A Foreign Ministry spokesman announced on Wednesday that China would carry out a geographical survey of the Diaoyu Islands in the East China Sea, according to Xinhua News. From AFP (via the South China Morning Post):
The mapping exercise was part of China’s efforts to “safeguard its maritime rights and interests”, Xinhua said, without saying when it would take place or making clear whether it would involve activities on land, as opposed to sea-based surveying.
It quoted Zhang Huifeng, an official with China’s National Administration of Surveying, Mapping and Geoinformation, acknowledging that there could be “difficulties”.
“There are some difficulties in landing on some islands to survey, and in surveying and mapping the surrounding sea area of the islands, because some countries infringed and occupied these islands of China,” he said.
Japan scrambled fighter jets to the skies above the territory last week, the second time in less than a month it had done so, after it detected several Chinese military planes in the area. The U.S. sent a top diplomat to Tokyo this week, and on Thursday he urged leaders on both sides to discuss the issue before brinksmanship turns into dangerous conflict
The risks of a dangerous clash between China and Japan are rising, according to The Economist, which explores where tensions over the Diayou Islands may lead:
The risk that the dispute might cause a serious rift with America must haunt some of China’s diplomats. Many of them believe that this would thwart China’s ambition to become a respected global power. So calmer voices may yet prevail. A botched military engagement could inflame nationalist sentiment at home and turn it against the party for its perceived incompetence. For all their rapid acquisition of sophisticated hardware in recent years, the Chinese armed forces lack the combat experience that might give them confidence in their ability to prevail. As for projecting force, the islands lie closer to Japan (as well as to Taiwan, which also claims them) than to the Chinese mainland.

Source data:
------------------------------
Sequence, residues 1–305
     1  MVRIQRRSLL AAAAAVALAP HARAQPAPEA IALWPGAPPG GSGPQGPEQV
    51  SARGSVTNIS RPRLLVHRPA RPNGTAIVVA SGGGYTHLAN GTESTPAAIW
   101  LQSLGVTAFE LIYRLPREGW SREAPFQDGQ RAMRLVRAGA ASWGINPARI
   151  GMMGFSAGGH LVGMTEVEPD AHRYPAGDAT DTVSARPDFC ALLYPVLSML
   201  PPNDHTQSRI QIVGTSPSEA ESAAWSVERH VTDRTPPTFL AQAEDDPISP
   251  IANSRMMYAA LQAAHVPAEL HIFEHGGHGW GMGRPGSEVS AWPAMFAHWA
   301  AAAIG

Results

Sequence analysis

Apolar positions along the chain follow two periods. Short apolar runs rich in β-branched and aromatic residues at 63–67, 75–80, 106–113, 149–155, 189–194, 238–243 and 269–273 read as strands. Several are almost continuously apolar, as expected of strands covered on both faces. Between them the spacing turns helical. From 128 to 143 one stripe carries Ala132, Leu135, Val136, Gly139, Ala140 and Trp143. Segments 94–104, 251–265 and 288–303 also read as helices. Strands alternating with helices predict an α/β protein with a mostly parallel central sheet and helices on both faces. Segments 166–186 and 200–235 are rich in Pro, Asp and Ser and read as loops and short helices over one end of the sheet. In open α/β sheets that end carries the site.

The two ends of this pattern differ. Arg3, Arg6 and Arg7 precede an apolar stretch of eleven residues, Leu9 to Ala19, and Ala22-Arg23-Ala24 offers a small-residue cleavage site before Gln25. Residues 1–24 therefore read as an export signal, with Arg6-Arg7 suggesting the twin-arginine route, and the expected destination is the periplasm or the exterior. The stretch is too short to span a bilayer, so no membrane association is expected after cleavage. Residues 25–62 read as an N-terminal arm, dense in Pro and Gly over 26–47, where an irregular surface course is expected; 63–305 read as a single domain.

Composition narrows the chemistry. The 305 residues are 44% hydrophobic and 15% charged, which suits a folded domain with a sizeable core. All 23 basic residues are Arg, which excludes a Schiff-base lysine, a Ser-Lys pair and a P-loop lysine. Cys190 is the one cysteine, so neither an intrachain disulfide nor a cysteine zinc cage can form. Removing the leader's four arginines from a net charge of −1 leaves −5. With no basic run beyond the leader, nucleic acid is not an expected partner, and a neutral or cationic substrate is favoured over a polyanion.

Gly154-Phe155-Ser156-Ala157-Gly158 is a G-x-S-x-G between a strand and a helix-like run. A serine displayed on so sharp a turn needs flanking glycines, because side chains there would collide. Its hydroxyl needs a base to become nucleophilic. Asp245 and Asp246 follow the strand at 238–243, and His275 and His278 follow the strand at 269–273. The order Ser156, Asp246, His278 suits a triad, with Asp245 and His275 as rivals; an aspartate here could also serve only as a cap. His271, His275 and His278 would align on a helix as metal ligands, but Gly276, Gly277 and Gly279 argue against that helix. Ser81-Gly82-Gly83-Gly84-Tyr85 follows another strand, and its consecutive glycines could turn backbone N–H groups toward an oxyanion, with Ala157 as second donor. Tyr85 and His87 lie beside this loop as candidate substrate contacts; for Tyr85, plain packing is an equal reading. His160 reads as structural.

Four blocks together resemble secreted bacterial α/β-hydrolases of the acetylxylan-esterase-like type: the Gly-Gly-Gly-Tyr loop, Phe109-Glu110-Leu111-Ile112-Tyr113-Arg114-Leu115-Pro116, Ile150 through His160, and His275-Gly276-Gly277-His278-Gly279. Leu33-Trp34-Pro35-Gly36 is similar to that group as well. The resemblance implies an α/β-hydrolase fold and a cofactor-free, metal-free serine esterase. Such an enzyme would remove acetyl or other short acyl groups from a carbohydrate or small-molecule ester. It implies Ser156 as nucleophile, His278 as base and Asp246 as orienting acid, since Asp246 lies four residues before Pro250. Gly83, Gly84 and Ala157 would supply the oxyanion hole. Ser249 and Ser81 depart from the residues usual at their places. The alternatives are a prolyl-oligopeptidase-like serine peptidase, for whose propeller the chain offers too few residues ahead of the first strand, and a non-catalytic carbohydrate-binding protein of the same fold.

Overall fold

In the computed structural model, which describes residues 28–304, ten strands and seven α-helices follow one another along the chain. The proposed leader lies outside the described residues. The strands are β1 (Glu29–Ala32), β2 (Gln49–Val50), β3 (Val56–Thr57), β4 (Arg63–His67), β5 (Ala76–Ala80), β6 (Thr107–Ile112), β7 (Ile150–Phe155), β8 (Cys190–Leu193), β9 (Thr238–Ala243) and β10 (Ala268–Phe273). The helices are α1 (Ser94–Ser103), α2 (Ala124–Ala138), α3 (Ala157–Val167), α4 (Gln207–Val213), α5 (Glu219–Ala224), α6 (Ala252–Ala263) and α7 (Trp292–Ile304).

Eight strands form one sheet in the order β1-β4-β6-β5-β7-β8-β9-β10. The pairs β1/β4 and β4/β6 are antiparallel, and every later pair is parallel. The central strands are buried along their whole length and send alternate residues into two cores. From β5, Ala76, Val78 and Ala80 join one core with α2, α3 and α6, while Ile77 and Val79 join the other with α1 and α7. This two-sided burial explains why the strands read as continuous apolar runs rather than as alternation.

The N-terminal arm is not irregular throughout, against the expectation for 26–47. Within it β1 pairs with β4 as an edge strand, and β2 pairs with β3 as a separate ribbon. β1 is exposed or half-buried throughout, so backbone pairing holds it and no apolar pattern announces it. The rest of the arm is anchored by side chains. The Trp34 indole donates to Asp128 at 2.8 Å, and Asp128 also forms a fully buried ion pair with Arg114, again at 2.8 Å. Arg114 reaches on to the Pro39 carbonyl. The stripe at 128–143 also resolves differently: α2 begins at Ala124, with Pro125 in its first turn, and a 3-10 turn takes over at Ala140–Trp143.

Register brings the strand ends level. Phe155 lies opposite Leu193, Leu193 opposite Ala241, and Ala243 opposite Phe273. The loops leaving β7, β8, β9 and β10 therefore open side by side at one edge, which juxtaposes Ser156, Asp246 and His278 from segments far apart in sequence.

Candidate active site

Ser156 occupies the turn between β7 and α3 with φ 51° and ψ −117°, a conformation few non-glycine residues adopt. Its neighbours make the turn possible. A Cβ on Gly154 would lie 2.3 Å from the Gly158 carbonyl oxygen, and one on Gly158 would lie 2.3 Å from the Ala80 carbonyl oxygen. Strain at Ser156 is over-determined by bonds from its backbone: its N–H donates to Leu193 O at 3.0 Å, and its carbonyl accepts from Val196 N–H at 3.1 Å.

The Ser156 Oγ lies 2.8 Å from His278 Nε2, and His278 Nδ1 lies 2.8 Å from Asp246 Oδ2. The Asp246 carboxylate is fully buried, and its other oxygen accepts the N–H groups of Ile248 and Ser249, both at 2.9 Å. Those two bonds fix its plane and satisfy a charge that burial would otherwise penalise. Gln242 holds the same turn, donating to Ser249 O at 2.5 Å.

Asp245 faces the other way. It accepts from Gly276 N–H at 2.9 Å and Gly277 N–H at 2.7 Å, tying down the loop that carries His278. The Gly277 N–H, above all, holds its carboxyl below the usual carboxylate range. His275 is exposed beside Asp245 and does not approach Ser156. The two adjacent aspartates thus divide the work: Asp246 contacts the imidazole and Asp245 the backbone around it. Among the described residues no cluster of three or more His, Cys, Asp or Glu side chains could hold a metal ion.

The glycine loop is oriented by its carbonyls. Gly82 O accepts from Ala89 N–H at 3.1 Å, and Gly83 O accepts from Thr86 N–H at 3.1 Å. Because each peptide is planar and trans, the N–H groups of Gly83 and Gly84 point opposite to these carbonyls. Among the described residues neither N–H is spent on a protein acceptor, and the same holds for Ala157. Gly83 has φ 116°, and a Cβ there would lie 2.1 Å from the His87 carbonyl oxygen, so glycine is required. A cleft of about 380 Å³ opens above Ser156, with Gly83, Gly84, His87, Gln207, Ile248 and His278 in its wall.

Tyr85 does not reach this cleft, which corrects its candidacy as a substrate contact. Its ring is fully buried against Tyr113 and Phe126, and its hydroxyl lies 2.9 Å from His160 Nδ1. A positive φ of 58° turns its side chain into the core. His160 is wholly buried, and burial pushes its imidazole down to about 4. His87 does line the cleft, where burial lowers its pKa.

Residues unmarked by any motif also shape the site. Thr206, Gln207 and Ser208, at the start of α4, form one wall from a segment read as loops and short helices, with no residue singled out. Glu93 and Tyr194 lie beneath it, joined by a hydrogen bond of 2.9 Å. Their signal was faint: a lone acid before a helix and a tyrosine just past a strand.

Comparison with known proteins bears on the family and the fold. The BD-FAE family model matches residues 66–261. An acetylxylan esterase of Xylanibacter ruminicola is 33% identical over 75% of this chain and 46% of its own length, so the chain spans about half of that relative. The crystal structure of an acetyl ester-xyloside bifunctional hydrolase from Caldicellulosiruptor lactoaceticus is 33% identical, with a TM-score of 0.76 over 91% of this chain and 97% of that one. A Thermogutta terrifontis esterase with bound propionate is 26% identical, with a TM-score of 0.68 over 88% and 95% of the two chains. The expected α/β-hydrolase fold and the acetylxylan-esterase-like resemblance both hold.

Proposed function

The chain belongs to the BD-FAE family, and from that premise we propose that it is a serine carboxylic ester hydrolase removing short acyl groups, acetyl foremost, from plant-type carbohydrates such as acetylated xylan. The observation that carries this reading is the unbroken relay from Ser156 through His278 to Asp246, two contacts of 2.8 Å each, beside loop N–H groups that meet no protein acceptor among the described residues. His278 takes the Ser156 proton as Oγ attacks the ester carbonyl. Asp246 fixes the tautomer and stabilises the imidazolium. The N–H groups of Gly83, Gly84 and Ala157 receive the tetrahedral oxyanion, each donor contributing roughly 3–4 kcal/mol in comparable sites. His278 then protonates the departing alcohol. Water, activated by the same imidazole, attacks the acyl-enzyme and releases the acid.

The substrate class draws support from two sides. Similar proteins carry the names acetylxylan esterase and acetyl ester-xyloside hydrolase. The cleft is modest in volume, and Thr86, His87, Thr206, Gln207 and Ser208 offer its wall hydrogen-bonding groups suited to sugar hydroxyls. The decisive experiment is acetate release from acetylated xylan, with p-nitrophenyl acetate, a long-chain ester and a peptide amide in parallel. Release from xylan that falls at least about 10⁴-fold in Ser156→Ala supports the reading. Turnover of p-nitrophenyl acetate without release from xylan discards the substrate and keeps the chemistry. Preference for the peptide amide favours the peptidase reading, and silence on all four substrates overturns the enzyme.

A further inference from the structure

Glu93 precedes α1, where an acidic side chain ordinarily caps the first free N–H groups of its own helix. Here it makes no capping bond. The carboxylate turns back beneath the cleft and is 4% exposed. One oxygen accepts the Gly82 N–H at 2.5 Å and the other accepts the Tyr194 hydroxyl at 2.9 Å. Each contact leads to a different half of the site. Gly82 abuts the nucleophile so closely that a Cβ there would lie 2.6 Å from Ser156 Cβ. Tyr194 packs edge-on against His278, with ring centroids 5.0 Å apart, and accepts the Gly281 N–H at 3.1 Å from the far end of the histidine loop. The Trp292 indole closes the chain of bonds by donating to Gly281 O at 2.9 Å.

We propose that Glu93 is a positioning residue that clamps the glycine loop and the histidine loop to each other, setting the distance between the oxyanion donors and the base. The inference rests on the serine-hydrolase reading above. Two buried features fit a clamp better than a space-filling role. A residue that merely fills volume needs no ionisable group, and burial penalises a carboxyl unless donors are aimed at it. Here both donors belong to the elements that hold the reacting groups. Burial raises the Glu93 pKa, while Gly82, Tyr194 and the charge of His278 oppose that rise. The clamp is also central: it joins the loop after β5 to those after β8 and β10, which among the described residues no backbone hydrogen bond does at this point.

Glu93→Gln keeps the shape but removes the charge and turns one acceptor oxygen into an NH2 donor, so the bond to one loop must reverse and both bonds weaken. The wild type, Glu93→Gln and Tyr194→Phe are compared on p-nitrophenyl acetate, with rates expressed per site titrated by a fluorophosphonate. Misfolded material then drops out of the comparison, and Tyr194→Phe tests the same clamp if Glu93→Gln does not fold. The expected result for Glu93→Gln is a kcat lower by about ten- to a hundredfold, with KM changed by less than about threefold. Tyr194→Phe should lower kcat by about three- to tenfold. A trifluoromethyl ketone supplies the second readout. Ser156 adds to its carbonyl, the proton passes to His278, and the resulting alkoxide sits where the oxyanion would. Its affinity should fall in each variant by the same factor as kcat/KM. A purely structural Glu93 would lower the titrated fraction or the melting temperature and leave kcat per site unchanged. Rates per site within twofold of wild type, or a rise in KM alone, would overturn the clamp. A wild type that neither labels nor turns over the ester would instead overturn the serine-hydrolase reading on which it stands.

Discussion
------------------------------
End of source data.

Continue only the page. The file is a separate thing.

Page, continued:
But China’s foreign-policy behaviour has become more unpredictable of late. Many of its officials believe that America has been weakened by the global financial crisis and debilitating wars, even as China has grown stronger. Toughness abroad might also give Mr Xi, a nationalist, some cover for a more risk-taking approach to handling problems at home. In recent weeks there have been a few signs that he might be a bit more open-minded than his predecessors. A recent crisis involving a strike by journalists at a popular and relatively liberal newspaper was resolved without obvious repercussions for the journalists involved. As dense smog this week choked Beijing and several other cities, China’s press has had unusually free rein to complain about air pollution.
The firmness of Mr Xi’s grip on policymaking is hard to divine. It will not be clear for some weeks who, if anyone, will have day-to-day control over foreign policy in the decision-making standing committee of the party’s Politburo, which for the past decade has lacked a dedicated foreign-policy handler. It is also possible that rising tensions with Japan reflect China’s leaders’ distraction by struggles relating to the succession. Lacking clear direction, bureaucracies may be trying to look tough.
Meanwhile, Mr Abe launched a trip to Vietnam, Thailand and Indonesia on January 16th, his first journey abroad since taking office. Despite the inclusion of Vietnam, his officials talk of “values diplomacy”, an attempt to forge closer ties with democratic allies. Though the mission is ostensibly to foster closer economic ties with a fast-growing region, countering the Chinese threat seems an equally pressing motive. Some Japanese experts believe the trip too provocative. China probably saw it as a bid at diplomatic encirclement.